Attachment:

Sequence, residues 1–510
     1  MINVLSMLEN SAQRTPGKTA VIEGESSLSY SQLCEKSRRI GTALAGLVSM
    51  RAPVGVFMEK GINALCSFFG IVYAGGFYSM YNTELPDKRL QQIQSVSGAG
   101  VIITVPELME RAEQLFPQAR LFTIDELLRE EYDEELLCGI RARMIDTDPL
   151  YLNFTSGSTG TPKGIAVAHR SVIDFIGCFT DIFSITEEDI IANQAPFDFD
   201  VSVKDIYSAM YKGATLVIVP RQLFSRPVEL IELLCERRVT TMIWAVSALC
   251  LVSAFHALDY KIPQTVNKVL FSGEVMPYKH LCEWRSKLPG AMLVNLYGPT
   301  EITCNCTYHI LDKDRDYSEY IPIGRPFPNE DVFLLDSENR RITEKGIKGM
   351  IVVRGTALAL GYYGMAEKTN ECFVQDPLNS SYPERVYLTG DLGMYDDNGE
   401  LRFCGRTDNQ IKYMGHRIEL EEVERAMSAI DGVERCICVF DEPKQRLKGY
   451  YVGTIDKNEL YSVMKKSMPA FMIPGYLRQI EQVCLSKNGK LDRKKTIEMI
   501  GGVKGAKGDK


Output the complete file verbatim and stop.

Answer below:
Sequence, residues 1–510
     1  MINVLSMLEN SAQRTPGKTA VIEGESSLSY SQLCEKSRRI GTALAGLVSM
    51  RAPVGVFMEK GINALCSFFG IVYAGGFYSM YNTELPDKRL QQIQSVSGAG
   101  VIITVPELME RAEQLFPQAR LFTIDELLRE EYDEELLCGI RARMIDTDPL
   151  YLNFTSGSTG TPKGIAVAHR SVIDFIGCFT DIFSITEEDI IANQAPFDFD
   201  VSVKDIYSAM YKGATLVIVP RQLFSRPVEL IELLCERRVT TMIWAVSALC
   251  LVSAFHALDY KIPQTVNKVL FSGEVMPYKH LCEWRSKLPG AMLVNLYGPT
   301  EITCNCTYHI LDKDRDYSEY IPIGRPFPNE DVFLLDSENR RITEKGIKGM
   351  IVVRGTALAL GYYGMAEKTN ECFVQDPLNS SYPERVYLTG DLGMYDDNGE
   401  LRFCGRTDNQ IKYMGHRIEL EEVERAMSAI DGVERCICVF DEPKQRLKGY
   451  YVGTIDKNEL YSVMKKSMPA FMIPGYLRQI EQVCLSKNGK LDRKKTIEMI
   501  GGVKGAKGDK